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If artist and businesswoman extraordinaire Leslie Sinclair actually had one of those “old-fashioned” Rolodexes sitting on her desk, it would contain a virtual who’s who of Houston clients—from designers, homeowners, builders and architects. The owner of Segreto Finishes, unintentionally began her business in the hallways of her own Memorial home. Soon her past time attracted mass attention and blossomed into a business that now employs approximately 35 people. The work of Segreto Finishes, a decorative painting and fine finishes company, is often highlighted in Sinclairs’ blog: www.

Terracotta hues and a rich, golden metallic stenciled in a baroque Damask pattern transform this powder room into one of glamour. The ceilings are encrusted with gold leaf and aged with an umber glaze. We added gold highlights to the finished cabinet to impart a bit of elegance. (photo by Wade Blissard)

(photo by Megan Thompson Lovoi Photography)

Powder Room Dreams an interview with Leslie 

You can really have fun with smaller spaces, since the size generally keeps expenses down. Using painting techniques is easier to replace than wallpaper, plus there are no odd seams to deal with in those out-of-theway spaces usually found in half baths. Think of the of the powder room as being the jewel box of the home.

What are the decorative trends for powder baths? There’s a trend leaning toward cleaner and crisper looks. We’re doing a lot of stenciling for wallpaper effects. Graphic stencils are becoming very popular as well as the quiet sophistication of plaster, which can read Old World or contemporary.

How dramatic can you go in a small full or half bath? Very Dramatic . . . go all out. Murals can enlarge a space, and patterns on the walls or on the cabinets can make a big impact. I typically make the decision of what finish—whether it’s plaster, murals or stenciling—


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would make the most impact by looking at what is going in the room. If the sink, mirror and floors are very dramatic, it’s usually better to go with a simple finish. If there isn’t a “special element” in the room, then the walls need to evoke a stronger statement. If you were to suggest doing one thing to a small bath or powder room, what would it be? Focus on your cabinets. Put your money into making them feel like fine pieces of furniture. And put on a quality furniture finish. You do not want to overpower the other elements—such as the sink or mirror—in the room. What is the most elaborate powder room you’ve ever done? We did a mural inspired by a 16th century Fresco painted at Torre di Bellosguardo, a former hunting lodge outside of Florence.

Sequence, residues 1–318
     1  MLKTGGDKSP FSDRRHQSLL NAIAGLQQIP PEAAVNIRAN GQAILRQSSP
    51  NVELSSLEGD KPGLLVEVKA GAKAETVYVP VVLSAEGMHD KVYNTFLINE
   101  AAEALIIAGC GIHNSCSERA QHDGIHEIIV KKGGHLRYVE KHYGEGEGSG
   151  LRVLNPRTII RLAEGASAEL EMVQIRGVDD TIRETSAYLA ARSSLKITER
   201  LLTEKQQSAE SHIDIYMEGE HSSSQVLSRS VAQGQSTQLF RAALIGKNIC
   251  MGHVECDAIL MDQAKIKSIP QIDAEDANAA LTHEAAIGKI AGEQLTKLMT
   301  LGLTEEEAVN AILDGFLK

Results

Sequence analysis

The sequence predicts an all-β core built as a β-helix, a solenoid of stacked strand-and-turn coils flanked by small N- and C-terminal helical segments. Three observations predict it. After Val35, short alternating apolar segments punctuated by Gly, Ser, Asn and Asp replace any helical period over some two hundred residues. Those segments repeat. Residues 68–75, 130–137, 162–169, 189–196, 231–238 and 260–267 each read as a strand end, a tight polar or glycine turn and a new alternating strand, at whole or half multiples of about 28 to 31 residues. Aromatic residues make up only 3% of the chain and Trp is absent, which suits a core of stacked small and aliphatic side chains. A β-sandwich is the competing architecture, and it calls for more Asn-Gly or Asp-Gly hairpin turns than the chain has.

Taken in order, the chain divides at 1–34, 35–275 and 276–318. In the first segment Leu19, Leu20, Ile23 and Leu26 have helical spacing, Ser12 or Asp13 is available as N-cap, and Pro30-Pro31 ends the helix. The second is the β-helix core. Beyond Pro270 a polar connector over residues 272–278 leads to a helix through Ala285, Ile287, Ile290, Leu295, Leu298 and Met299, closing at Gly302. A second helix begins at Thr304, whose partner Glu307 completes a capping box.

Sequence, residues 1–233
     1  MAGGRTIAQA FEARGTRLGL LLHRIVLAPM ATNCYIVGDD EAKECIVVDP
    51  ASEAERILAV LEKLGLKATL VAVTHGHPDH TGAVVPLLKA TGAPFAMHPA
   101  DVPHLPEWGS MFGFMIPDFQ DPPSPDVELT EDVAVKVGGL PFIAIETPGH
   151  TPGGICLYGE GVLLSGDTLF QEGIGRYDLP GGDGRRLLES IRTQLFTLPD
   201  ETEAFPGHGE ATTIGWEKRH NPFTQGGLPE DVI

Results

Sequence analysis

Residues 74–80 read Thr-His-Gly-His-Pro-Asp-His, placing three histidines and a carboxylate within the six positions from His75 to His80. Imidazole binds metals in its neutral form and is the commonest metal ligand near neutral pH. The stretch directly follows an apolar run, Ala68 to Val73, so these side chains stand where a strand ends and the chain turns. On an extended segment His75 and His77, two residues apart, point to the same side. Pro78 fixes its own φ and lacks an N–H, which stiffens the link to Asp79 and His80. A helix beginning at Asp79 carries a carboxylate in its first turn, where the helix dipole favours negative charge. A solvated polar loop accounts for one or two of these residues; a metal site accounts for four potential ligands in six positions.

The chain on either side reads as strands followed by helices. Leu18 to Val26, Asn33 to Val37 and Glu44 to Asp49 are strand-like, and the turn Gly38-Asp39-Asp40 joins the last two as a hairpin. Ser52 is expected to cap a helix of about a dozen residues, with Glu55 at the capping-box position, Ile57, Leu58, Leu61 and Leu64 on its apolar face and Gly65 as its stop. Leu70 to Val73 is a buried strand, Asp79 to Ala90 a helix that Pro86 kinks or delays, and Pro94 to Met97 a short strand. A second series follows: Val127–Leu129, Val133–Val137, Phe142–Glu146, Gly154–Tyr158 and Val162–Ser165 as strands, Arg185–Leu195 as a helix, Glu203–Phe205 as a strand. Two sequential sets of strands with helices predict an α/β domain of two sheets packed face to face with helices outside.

The silvery blue plastered walls are layered with wax to give this bathroom porcelain depth. This treatment provides a beautiful backdrop, highlighting the restored antique French stone remnant on the vanity and the mother of pearl wall covering accents (Stark) on the ceiling and the back of the cabinets. Betty Richter Arnold, designer. (photo by Wade Blissard)

Reminiscent of centuries-old walls in aged European manors, this stencil, applied over a textured Sheetrock mud, suggests a worn look by allowing unevenness in its application. Cindy Witmer, designer, and Architectural Consultant Sarah West. (photo by Wade Blissard)

What has been the simplest? Those with a pretty glazed cabinet or a plastered wall. In one bath, we plastered the walls and finished the cabinetry to look like old stone highlighting the beautiful old basin and mirror.

Getting Personal What do you collect, or what can you not get enough of? I love looking at homes, and good food and wine . . . love shopping with my girls—and Pinterest. What or who inspires you? I am inspired by so many things: Fabrics and surfaces that designers bring in, special pieces in rooms . . . and nature—especially the way the day’s light plays off of simple finds like leaves, grasses, flowers. What's your favorite go-to place(s) for decorative items? Joyce Horn Antiques, Boxwood, junk shops, IKEA, and, of course, my own store, Segreto Boutique.

What decorating books do you like? Celery Kimble’s books, “The Houses of Veranda,” and all sorts of books on Europe. You’ve written a book, “Segreto: Secrets to Finishing Beautiful Interiors,” which has been released to rave reviews . . . . where is it being sold? On Amazon, my own Web site ( and at Briargrove Pharmacy & Gifts, Berings Hardware, Brazos Bookstore, River Oaks Bookstore, and others listed on my site. —SF 18

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This vanity’s mural was inspired by a Fresco painted in the year 1500 in France. (photo by David Schilling)

When a bath has asymmetrical angles and vaulted ceilings, it is best to choose a finish that will wrap the walls and ceilings. This bath has a textured plaster that enhances the architecture without a focus on its angles. The vanity’s furniture-quality finish applied gives the space charm and character, complementary to the mirror and sconces. (photo by Wade Blissard)

Sinclair likes the pretty glazed cabinet in this half bath. She says it was not a complicated project but one that conveyed elegance. Eleanor Cummings, designer (photo by Wade Blissard)

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Tastemaker : Leslie Sinclair  
Tastemaker : Leslie Sinclair